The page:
- Lead Architects:Richard Hammond, Daniela Hammond
- Design Team:Richard Hammond, Daniela Hammond
- Engineering:S3 Engineers
- City:San Antonio
- Country:Costa Rica
Text description provided by the architects. The property is located on the slopes of the mountains that bound the south side of the city of San Jose, Costa Rica. The challenge of the project was to reuse the majority of the structure of two existing buildings that were never completed and had stood vacant for ten years. As the concrete work was in good condition, the architects decided to reuse as much of the existing as possible. The aim however was to completely transform the building and create a home that integrated with the site and to take advantage of the beautiful views of the city, forest and mountains.
The approach was to connect two existing structures with a transparent glass circulation space that contains the staircase to the lower level. All living spaces are placed on the upper entry-level, and the 3 bedrooms are on the more private lower level. Cut into the hill, an entrance courtyard is created that provides a place of shelter during the windy months of January and February. Off this courtyard are the entrances to the main house as well as to the adjacent studio. The studio is covered in a green roof that maintains a stable indoor temperature and also creates a usable roof space.
The living level has 3 large sliding red-framed doors that can be opened up to allow for a sense of connection to the environment and also to facilitate cross ventilation. As the property is located at 1400 meters above sea level, even though at a tropical latitude, the altitude keeps temperatures mild year-round. This means that the home needs no heating or cooling most of the year. On the rear chilly nights in December, a fireplace provides warmth. A sustainable home with low energy usage and minimal environmental impact was a key goal.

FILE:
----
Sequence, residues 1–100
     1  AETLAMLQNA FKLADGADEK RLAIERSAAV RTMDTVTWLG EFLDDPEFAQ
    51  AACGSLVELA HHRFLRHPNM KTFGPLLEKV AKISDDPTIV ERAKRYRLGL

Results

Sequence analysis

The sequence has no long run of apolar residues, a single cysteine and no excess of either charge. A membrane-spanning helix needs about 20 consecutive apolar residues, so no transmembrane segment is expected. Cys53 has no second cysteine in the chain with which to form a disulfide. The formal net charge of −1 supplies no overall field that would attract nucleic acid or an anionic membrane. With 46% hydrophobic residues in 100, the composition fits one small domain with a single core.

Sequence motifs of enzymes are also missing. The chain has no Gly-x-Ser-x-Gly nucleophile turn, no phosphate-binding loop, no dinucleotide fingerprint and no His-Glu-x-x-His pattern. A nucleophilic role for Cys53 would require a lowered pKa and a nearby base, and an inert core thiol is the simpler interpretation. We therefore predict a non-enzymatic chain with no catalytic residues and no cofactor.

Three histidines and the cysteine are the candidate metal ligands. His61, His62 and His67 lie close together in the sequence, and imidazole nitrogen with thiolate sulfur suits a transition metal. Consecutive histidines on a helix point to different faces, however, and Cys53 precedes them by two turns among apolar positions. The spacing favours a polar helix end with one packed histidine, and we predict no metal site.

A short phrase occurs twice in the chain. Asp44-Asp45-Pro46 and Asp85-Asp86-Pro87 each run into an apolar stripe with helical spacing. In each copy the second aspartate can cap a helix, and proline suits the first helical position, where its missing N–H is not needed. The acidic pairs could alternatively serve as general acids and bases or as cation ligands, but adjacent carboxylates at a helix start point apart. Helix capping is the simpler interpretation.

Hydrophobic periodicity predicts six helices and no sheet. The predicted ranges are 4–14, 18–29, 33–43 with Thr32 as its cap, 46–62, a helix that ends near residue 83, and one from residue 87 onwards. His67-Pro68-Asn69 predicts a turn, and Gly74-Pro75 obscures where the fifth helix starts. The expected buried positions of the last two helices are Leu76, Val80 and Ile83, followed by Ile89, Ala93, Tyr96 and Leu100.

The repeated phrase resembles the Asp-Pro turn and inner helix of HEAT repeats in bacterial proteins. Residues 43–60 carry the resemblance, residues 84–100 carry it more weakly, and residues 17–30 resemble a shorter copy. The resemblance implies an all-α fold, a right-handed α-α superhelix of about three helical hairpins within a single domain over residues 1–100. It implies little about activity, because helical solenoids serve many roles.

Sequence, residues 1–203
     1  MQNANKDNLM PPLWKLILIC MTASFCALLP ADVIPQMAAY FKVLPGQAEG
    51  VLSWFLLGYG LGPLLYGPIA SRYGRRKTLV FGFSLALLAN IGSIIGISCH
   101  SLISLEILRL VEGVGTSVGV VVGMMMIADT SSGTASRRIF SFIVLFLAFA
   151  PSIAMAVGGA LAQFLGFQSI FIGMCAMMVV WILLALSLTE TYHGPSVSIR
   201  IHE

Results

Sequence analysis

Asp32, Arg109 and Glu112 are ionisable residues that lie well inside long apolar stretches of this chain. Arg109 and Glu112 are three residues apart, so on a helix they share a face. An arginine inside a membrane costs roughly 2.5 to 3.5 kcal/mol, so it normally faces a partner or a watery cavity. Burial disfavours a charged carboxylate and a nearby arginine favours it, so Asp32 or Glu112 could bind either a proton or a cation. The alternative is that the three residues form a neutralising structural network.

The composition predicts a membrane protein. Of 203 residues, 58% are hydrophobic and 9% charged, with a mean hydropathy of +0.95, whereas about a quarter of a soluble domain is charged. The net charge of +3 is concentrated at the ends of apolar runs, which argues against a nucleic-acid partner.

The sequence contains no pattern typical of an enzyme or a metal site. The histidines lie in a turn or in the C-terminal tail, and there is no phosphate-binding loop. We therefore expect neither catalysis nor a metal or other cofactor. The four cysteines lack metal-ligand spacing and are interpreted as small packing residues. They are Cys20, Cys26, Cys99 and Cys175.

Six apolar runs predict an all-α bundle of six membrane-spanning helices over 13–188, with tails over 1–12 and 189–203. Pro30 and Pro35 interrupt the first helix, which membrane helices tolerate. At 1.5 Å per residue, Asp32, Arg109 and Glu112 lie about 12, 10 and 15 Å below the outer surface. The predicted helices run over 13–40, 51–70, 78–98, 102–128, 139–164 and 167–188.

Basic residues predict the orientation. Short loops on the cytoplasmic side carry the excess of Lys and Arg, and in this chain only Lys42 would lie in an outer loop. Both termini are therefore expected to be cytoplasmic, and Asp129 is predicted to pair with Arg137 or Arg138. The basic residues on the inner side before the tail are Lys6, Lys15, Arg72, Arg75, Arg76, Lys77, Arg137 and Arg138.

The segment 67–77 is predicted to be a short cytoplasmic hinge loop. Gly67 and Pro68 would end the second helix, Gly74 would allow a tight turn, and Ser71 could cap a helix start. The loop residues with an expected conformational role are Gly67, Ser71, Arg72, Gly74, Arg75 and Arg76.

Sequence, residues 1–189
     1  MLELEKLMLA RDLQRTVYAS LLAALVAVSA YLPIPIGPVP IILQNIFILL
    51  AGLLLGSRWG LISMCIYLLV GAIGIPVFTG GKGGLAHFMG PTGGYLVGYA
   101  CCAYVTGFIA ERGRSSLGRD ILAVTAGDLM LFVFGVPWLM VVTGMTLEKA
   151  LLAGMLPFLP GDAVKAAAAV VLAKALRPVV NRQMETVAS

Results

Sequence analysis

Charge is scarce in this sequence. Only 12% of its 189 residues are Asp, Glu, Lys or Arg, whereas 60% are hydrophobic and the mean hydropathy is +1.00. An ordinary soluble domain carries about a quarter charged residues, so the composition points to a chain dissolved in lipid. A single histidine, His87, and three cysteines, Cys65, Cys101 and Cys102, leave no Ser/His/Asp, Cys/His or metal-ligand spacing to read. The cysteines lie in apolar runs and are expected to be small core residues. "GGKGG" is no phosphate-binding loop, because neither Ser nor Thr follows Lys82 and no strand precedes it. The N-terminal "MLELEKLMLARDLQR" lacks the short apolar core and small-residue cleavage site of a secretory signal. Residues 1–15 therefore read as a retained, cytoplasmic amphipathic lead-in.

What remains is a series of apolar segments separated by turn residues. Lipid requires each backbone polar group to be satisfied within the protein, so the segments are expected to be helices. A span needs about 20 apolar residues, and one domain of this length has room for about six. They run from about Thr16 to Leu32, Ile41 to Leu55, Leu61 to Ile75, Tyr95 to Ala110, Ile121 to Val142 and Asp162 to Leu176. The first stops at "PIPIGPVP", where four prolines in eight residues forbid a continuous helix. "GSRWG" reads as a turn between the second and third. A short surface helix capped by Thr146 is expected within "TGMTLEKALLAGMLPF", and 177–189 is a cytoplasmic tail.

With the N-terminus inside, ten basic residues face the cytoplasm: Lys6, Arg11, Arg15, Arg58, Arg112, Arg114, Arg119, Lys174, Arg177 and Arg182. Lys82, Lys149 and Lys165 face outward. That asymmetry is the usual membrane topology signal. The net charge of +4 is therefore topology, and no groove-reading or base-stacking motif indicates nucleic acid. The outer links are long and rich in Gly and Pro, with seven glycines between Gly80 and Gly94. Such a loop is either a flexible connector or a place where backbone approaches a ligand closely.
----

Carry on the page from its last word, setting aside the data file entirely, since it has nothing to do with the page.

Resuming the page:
Fortunately in Costa Rica, 90% of electricity production is produced from renewable sources such as hydro, geothermal, and wind energy. Despite this, the designers still strove to reduce energy usage significantly. LED lighting was provided for 100% of the home. Hot water is provided by solar hot water panels. Also by relying on cross ventilation, AC was not necessary and thus not installed. The reusing of a large portion of the existing structure helps reduce CO2 emissions. Lastly the metal roofing that was removed from the original building was reused as metal decking for the concrete roof slabs.
The form of the home is defined by 2 separate volumes. The west volume containing the dining and kitchen has a raised sloping roof that creates a panoramic window that frames a view of the nearby iconic mountain called Pico Blanco. In a similar way, the red door frames become living picture frames for the views to the exterior celebrating the owner's love of photography.
The result is a home that is constantly changing as the light moves during the day. The large openings and balconies help create connections to the exterior so the home feels like an extension of its local environment.